Austria, UK, Germany, France, Denmark, Qatar
CLUB ZERO looks at how parents hand over the responsibility for their children to a teacher who misuses this trust. They are forced to live through the biggest nightmare of every parent: losing their child. CLUB ZERO addresses this existential fear and ponders, “How can parents be close to their children when they simply do not have enough time for them?”
This problem is not an individual one but one of our society - this could happen to me, as well as to you. Parents do not know everything that goes on at a school and do not have the time, or the means, to figure it out. We live in a meritocracy that makes us work more and more. I am led to the impression that the failure of the parents is systemic.
In our society, teaching and care giving are often badly paid and not valued enough, yet they should be highly respected jobs that are well paid. Especially because teachers and care givers take over more and more responsibility. I am interested in how our society assigns such responsibility. Should parents fully trust teachers or should they take on more responsibility? And how is that possible in a society that is based on work and success? As Miss Dorset, the film’s headmistress, says, “Parents don’t have time for their children and then it is up to us to give them all the attention and affection they need.”
Youth, Ideology & Manipulation
Young people today fear for their future. They fight for it. They want to act, to assume responsibility, to have power over their lives, to make a difference. To find meaning. They want to save the planet and, in doing so, their future. They become political, some join radical groups. They don’t want to wait until it’s too late. I understand that and I have deep sympathy for this generation.
In CLUB ZERO, Ms. Novak melds the children’s fears and wishes into her ideology. She truly believes that she is saving them and together they take it too far, increasing the dangerous inclination of some of them towards developing eating disorders.
Not eating can be a way of punishing others. For parents, it is most painful to see one’s child refusing to eat. It is a refusal that translates into a refusal to live. Where this rejection comes from is a very important question to ask. Food refusal is also a political form of strike - an extreme form of passive resistance whether against parents or against society.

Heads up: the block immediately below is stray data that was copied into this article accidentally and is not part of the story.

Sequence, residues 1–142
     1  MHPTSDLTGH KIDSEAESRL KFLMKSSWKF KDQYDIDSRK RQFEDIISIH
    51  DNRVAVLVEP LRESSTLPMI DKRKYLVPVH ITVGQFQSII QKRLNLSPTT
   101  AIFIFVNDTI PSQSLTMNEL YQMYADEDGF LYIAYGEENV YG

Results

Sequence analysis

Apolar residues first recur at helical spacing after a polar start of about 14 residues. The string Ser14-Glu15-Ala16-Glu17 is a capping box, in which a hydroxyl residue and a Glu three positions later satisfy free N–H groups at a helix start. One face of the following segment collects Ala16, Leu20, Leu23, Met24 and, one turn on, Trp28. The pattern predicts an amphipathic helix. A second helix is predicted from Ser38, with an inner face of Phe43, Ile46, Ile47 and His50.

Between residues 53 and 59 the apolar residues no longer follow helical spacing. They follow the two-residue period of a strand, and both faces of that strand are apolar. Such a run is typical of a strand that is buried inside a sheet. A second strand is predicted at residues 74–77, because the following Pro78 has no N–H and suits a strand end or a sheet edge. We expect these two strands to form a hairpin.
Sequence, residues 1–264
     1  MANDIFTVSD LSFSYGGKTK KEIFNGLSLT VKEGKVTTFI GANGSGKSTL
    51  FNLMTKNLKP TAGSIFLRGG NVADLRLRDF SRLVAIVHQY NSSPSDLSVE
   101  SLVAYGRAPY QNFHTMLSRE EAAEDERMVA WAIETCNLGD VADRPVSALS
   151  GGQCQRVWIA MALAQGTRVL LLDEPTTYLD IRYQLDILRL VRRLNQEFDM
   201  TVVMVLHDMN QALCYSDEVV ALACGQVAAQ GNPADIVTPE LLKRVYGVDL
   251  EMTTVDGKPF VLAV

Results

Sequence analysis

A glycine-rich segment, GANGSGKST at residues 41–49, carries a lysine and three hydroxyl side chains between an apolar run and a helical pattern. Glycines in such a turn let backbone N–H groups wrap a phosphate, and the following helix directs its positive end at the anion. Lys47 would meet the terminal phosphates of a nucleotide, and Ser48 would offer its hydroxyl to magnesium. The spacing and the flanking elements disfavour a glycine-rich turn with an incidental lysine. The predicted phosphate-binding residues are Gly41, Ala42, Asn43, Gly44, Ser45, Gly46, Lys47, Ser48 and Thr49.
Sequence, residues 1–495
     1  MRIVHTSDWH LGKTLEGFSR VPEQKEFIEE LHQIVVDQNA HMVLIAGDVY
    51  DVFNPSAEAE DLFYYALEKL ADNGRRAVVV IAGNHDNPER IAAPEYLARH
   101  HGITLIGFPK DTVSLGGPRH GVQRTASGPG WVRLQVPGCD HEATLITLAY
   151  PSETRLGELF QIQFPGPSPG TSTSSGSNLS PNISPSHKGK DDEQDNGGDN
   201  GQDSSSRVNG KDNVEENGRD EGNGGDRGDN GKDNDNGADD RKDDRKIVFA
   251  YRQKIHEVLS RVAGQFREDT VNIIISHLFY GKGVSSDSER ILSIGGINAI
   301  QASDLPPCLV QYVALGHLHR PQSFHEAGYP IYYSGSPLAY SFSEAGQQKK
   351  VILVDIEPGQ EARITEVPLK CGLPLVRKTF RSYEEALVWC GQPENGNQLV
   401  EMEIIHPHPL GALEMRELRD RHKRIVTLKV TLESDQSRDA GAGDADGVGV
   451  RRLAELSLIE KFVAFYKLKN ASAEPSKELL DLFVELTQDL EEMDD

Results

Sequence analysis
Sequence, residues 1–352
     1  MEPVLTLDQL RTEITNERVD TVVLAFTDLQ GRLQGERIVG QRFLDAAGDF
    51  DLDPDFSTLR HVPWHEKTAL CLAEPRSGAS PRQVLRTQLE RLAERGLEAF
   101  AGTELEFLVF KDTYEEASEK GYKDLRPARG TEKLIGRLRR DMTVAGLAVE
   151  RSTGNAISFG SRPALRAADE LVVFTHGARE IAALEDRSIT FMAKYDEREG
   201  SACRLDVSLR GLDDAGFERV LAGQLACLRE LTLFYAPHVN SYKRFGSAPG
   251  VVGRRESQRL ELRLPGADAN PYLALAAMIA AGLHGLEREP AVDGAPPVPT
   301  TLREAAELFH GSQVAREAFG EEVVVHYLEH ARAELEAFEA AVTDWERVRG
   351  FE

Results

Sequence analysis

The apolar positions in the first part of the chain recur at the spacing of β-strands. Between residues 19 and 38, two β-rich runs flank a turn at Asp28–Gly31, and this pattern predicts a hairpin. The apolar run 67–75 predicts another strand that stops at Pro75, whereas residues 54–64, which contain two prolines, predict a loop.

Faith, Fasting & Religion
Food control has always been part of religion. I think this is because through fasting, you feel a high that encourages spiritual enlightenment. You can change your mind through changing your food intake. Furthermore, controlling your food intake suggests controlling your body. It strengthens a feeling of power and of being “special”.
Eating is very personal but at the same time very social. Imagine you meet friends for dinner and you don’t eat. This can make them feel attacked, it can irritate them. Why? Because you question their way of living. We all believe in something, no one is free from superstition. Each of us belongs to a group that has certain principles or codes. We need to understand the subjectivity of our beliefs to understand how Ms. Novak and the kids are convinced of theirs. Their “food religion” is an example of a radical belief.
Fairytales & Archetypes
Traditional fairytales are told to help children (and adults) gain a moral compass, to learn right from wrong. In CLUB ZERO, Ms. Novak and the kids question common belief, they have their own truth. Even though they obviously are going to starve, they still believe. A strong inspiration for me was the fairytale of the Pied Piper of Hamelin, in which at the end all children die. Except one, who was sick that day and could not join the other children. Russian fairytales were also inspirational, they convey a completely different morality than European fairytales. Morality is distributed in a different way, the crooks and thugs are often the heroes of the story.
To use a fairytale as an inspiration also gives way to a more distanced approach: psychological or social details are pushed into the background to tell a more universal story. The characters resemble archetypes rather than individuals. Thus, the aesthetics of CLUB ZERO connect to Bertolt Brecht’s idea of the Distancing Effect (“Verfremdungseffekt” in German). The setting and costumes are very colourful and feel artificial, the mise-en-scène resembles a choreography where the individual dissolves into a uniformed group. One could also characterise the film’s style as heightened realism.
There is a certain kind of absurdity that dwells in our existence, a lot of things that we believe in and that we do seem ridiculous, absurd or in vain. In my films, I always try to find a distant perspective to reflect upon this. CLUB ZERO is told from such a point of view - exaggeration to the extent of absurdity offers a strangely humorous approach to the film’s darker themes.
Cast & Crew
Directed by: Jessica Hausner
Written by: Géraldine Bajard, Jessica Hausner
Produced by: Philippe Bober, Bruno Wagner, Mike Goodridge, Johannes Schubert
Cinematography: Martin Gschlacht
Editing: Karina Ressler
Production Design: Beck Rainford
Costume Design: Tanja Hausner
Make-Up & Hair: Heiko Schmidt, Kerstin Gaecklein
Original Score: Markus Binder
Sound: Patrick Veigel, Erik Mischijew, Tobias Fleig
Visual Effects: Markus Kircher, Felix Pichler, Sebastian Mayrhuber, Aksana Vezhnivets, Matthias Halibrand
Casting: Lucy Pardee
Cast: Sidse Babett Knudsen (Miss Dorset), Ksenia Devriendt (Elsa), Luke Barker (Fred), Florence Baker (Ragna), Samuel D Anderson (Ben), Gwen Currant (Hellen)
Nominations and Awards
- European Original Score 2023
- Feature Film Selection 2023